|Will lottery luck change Sonics' future in Seattle?|
|Written by Admin|
|Wednesday, 23 May 2007 21:35|
Yet the dynamic Texas Longhorns forward and likely No. 2 pick in next month's NBA draft is already - probably unwittingly - assuming the role of potential savior for the Sonics' dead-end, 2007-08 season.
``This is potentially a franchise-changing (event),'' Sonics president of basketball operations Lenny Wilkens said after his team won the second pick in the NBA's draft lottery to presumably land Durant. Portland is expected to take center Greg Oden with the first overall pick.
Oden and Durant are considered the only two can't-miss prospects in the June 28 draft. They are the best of the first prodigies forced into college for one year by a new NBA rule prohibiting high schoolers from jumping straight into the league.
Sonics CEO Danny Barth said a ``transformation is already beginning'' because of Durant's expected arrival.
Bryan Byrnes, the team's senior vice president of sales and marketing, said late Wednesday afternoon that the Sonics had sold about 100 new full-season ticket packages and dozens more partial-season plans since Tuesday night's lottery jackpot.
That's remarkable for a team that's in another playoff-free May after its worst season in 21 years.
Oh, it has also fired its coach and general manager, had its new arena plan fail and is trying to maintain interest in Seattle while courting Kansas City, Oklahoma City and perhaps any other city with a new building to be its new home after next season. After 40 years in the Northwest, the Sonics are only committed to play one more season here.
``The sales volume and call volume the last 24 hours is somewhat unprecedented,'' Byrnes said, knowing his job just improved from mission impossible.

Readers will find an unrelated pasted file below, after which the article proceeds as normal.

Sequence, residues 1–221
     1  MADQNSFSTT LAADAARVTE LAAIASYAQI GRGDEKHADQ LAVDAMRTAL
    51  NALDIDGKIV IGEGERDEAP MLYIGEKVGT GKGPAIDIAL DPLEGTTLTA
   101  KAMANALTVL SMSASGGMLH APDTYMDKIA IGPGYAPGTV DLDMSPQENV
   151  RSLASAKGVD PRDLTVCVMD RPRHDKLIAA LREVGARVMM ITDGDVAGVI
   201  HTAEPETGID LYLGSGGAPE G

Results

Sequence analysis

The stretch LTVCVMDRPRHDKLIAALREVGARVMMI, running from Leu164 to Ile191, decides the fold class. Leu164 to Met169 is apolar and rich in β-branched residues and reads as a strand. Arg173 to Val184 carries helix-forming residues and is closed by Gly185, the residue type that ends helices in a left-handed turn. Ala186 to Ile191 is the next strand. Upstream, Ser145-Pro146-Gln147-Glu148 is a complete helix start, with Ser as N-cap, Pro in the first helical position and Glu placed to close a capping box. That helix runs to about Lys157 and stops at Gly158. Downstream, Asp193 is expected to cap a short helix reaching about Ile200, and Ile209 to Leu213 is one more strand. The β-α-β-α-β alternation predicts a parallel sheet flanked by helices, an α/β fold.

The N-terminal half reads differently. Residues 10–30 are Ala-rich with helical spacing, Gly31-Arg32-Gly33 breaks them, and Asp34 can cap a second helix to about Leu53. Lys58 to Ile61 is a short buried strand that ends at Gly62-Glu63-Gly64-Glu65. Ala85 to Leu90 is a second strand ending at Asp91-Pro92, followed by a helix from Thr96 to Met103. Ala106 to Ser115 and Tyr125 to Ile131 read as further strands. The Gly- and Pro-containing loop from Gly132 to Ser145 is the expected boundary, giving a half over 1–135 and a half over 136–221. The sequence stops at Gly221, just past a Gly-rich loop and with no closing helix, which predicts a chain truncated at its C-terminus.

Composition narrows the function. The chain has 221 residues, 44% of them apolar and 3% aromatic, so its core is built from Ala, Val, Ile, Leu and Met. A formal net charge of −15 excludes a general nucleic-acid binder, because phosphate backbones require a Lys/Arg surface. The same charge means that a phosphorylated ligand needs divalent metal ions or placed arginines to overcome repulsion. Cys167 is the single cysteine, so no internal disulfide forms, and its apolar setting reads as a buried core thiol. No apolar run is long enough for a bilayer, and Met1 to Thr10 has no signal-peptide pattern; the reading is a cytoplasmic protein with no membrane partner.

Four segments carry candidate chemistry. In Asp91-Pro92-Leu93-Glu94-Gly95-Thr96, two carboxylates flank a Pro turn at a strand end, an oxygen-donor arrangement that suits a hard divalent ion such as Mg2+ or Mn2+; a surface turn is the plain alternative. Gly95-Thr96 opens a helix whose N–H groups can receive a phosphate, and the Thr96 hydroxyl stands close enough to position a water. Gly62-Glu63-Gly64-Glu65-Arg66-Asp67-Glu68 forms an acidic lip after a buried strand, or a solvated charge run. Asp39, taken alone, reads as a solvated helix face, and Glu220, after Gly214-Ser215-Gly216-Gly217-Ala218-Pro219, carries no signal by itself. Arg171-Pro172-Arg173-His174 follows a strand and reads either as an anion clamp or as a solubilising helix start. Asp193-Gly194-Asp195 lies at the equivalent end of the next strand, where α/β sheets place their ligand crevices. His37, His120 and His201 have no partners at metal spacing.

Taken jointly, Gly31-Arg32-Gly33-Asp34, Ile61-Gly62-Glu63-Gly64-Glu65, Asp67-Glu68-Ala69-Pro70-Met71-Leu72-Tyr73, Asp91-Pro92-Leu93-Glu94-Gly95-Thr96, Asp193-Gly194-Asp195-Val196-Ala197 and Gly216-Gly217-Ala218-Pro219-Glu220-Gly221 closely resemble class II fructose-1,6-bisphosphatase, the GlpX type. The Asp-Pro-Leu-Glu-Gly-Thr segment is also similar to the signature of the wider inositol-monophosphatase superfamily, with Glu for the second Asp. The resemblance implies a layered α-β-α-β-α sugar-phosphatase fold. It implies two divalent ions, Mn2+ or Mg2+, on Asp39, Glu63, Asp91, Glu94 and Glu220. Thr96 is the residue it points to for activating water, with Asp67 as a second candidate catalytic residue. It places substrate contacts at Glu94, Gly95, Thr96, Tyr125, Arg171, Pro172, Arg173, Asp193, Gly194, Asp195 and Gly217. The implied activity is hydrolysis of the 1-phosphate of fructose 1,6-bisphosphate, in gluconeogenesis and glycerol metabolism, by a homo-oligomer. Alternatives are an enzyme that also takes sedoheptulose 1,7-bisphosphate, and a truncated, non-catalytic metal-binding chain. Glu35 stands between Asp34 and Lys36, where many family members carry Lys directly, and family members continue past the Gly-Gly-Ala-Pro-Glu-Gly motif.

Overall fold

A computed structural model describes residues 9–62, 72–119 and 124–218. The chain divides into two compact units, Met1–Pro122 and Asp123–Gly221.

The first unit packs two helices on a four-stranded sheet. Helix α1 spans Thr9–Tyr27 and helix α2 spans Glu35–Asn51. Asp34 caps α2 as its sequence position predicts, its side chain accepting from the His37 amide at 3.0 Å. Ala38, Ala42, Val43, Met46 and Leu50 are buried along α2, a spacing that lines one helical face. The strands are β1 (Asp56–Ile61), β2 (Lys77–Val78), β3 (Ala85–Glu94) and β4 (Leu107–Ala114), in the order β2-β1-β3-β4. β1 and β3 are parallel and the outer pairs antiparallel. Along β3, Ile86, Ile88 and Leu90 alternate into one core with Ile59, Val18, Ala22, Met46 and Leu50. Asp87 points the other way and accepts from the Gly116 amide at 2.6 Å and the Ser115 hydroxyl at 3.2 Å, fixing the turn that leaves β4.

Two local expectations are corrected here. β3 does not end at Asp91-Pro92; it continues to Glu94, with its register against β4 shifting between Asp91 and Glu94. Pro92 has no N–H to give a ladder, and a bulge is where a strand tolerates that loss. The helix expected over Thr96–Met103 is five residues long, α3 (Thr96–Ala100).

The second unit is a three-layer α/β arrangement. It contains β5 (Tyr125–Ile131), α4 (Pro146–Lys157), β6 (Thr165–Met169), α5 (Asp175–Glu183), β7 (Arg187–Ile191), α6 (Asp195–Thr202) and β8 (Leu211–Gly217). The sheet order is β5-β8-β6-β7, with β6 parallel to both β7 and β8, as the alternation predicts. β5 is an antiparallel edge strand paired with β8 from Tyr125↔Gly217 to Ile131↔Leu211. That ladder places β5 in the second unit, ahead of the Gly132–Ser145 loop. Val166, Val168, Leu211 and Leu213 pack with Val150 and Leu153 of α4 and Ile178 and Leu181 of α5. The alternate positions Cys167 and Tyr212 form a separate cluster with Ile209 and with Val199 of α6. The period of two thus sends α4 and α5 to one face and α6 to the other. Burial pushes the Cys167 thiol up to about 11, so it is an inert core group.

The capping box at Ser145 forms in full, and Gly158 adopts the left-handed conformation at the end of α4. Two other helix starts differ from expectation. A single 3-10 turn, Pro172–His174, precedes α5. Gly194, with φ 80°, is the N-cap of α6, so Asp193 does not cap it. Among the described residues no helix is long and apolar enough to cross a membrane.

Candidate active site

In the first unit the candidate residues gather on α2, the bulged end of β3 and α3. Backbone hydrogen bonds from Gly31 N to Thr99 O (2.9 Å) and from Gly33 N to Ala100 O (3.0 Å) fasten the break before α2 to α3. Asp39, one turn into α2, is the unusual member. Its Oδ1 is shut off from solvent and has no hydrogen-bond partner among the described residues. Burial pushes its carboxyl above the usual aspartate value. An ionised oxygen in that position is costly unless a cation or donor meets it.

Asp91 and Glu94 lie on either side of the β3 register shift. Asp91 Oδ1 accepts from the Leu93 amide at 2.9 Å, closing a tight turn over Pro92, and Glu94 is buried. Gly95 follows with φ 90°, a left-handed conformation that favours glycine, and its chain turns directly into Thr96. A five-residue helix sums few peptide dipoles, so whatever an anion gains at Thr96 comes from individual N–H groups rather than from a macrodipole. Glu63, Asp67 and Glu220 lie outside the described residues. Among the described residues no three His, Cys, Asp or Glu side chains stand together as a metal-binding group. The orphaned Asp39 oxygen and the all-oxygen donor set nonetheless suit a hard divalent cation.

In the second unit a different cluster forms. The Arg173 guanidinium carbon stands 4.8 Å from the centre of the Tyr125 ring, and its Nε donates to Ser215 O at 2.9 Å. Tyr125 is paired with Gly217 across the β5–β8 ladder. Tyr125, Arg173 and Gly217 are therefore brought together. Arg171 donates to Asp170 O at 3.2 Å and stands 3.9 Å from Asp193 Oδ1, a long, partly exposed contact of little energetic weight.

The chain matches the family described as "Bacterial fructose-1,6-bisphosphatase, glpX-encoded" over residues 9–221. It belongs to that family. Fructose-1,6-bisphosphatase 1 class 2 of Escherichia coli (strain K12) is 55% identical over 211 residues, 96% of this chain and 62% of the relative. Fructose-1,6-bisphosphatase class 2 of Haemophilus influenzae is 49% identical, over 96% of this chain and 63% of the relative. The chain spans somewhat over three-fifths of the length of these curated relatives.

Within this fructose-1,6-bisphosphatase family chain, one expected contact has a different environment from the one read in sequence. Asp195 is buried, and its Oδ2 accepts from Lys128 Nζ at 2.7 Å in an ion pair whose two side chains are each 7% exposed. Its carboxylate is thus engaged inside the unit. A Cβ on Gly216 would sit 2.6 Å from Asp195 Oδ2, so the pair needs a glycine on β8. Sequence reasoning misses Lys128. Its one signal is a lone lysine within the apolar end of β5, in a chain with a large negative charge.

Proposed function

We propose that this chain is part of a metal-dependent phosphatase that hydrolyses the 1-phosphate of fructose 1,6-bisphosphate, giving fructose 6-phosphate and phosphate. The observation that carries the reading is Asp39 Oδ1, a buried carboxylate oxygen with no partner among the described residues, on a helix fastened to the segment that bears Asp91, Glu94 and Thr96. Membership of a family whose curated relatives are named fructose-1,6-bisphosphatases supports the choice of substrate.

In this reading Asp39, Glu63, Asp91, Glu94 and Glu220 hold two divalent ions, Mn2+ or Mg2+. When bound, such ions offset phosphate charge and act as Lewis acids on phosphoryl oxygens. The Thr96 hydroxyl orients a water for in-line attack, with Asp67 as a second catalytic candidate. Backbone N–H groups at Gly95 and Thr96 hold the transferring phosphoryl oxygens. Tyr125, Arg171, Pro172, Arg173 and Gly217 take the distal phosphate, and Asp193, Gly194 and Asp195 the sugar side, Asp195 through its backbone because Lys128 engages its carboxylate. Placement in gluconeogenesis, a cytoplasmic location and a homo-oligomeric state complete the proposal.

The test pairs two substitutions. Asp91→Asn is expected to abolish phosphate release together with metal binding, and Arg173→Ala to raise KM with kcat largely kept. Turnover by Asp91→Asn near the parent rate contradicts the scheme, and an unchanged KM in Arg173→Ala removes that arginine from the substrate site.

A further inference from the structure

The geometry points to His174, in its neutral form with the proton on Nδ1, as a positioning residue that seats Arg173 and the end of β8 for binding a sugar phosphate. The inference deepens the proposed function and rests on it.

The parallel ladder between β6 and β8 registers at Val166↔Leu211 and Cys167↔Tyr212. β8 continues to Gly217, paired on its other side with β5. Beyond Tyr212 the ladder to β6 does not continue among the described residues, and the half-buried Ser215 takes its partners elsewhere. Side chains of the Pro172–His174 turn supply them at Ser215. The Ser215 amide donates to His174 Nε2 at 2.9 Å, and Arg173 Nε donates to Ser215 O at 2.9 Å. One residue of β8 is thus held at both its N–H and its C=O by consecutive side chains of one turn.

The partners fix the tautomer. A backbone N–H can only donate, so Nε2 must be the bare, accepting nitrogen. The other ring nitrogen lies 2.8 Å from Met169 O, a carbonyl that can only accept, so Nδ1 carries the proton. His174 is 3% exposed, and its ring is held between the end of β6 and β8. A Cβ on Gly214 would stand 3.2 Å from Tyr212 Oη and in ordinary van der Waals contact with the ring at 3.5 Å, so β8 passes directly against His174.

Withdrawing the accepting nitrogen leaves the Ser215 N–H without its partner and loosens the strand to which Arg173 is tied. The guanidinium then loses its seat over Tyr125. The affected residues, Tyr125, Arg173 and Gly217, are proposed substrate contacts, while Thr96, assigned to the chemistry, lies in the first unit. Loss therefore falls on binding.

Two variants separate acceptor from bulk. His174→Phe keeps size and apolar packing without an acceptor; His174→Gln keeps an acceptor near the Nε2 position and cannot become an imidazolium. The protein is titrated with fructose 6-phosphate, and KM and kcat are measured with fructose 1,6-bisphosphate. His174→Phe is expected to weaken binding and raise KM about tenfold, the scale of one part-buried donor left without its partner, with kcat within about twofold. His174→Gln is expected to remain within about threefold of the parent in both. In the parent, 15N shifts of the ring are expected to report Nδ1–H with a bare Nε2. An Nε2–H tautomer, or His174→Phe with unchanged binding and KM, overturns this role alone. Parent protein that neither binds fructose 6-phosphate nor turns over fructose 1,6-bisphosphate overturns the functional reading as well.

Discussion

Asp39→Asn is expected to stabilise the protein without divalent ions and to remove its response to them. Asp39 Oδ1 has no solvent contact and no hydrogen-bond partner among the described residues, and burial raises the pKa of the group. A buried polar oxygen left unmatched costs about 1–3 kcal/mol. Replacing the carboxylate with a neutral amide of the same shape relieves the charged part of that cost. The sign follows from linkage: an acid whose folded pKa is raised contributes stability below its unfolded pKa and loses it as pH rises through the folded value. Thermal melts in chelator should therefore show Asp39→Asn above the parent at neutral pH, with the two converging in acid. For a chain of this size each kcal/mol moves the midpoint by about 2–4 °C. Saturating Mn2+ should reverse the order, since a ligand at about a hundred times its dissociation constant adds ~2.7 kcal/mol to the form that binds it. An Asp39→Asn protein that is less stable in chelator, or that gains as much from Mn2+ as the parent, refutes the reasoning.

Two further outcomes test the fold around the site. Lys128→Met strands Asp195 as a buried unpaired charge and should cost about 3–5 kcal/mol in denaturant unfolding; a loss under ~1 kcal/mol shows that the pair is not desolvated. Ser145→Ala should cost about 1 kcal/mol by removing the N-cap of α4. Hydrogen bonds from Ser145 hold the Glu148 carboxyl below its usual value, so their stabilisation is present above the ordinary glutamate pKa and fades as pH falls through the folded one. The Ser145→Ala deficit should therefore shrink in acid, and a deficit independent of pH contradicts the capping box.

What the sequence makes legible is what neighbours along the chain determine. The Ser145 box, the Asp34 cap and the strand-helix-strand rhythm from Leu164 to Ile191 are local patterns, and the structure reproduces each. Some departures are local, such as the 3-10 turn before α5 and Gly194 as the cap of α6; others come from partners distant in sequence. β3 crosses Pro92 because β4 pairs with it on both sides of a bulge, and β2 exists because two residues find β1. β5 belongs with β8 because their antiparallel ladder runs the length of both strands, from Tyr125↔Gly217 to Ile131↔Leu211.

``It's a gift from the basketball gods.''
But will that gift save the Sonics in Seattle?
Durant was the first freshman in NCAA history to win player of the year honors. The 6-foot-9 forward led the Big 12 with 25.8 points and 11.1 rebounds per game this past season, and was the AP national player of the year.
Seattle's NBA fans now have hope that his likely arrival on a team that already has All-Star shooter Ray Allen coming off ankle surgery and slashing Rashard Lewis - if the Sonics re-sign the free agent this summer - will spark local investors to emerge with new alternatives for a new arena.
Owner Clay Bennett's plan for the public to fund nearly $300 million of a $500 million suburban arena in Renton, Wash., died in the state Legislature last month without even making it to a vote. Bennett has since sought new homes for the team across the country.
When Wilkens called the lottery luck ``potentially a franchise-changing'' event, he didn't just mean improving from last season's 31-51 train wreck of a season. Suddenly, the Sonics are an attractive destination for potential new GMs and coaches. And perhaps key Seattle figures - at least those with the money and power to broker big deals here - are suddenly more motivated to keep a more attractive team.
None have stepped up yet. But Durant won't potentially become a Sonic for another month.
``We needed a boost in Seattle,'' Wilkens said. ``I think this is a big plus for the franchise right now. It's a step in right direction. It keeps all the issues alive. If you are trying to get something done with a building, you want to keep people talking. This is a plus for us.''
He said Bennett, who this week told Kansas City civic leaders he's studying bringing the Sonics there, had this reaction to the lottery: ``He's very pleased, very excited about it. I think it's a big plus for him and us and the franchise as well.''
Bennett is going to have to pay about $1 million more per season to his top draft pick at No. 2 than he would have had the Sonics stayed at No. 5, the position they would have had based on won-lost record alone. NBA salaries are slotted per the league's collective bargaining agreement. The second pick next month will receive $3,476,000 in his first contract year and $3,736,700 in his second. Both of those years are guaranteed. The Sonics will have a team option for a third year at $3,997,400.
Where they'll be playing in those second and third seasons remains a mystery. But Seattle may now be an option again, thanks to Durant and the lottery's little white balls.
``We've been talking for quite a while that we've been hoping for a tipping point,'' Byrnes said. ``Yesterday it showed up - in the form of ping pong balls.''